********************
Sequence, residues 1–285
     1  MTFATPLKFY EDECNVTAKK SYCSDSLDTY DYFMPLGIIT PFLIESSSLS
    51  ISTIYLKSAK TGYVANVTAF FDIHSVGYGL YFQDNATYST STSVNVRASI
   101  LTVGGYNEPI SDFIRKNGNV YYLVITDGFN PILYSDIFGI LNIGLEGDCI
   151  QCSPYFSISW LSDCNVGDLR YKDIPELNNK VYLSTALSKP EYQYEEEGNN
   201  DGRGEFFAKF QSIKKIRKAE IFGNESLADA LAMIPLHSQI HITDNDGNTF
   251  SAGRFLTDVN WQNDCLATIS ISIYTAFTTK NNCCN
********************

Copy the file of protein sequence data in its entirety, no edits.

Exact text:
Sequence, residues 1–285
     1  MTFATPLKFY EDECNVTAKK SYCSDSLDTY DYFMPLGIIT PFLIESSSLS
    51  ISTIYLKSAK TGYVANVTAF FDIHSVGYGL YFQDNATYST STSVNVRASI
   101  LTVGGYNEPI SDFIRKNGNV YYLVITDGFN PILYSDIFGI LNIGLEGDCI
   151  QCSPYFSISW LSDCNVGDLR YKDIPELNNK VYLSTALSKP EYQYEEEGNN
   201  DGRGEFFAKF QSIKKIRKAE IFGNESLADA LAMIPLHSQI HITDNDGNTF
   251  SAGRFLTDVN WQNDCLATIS ISIYTAFTTK NNCCN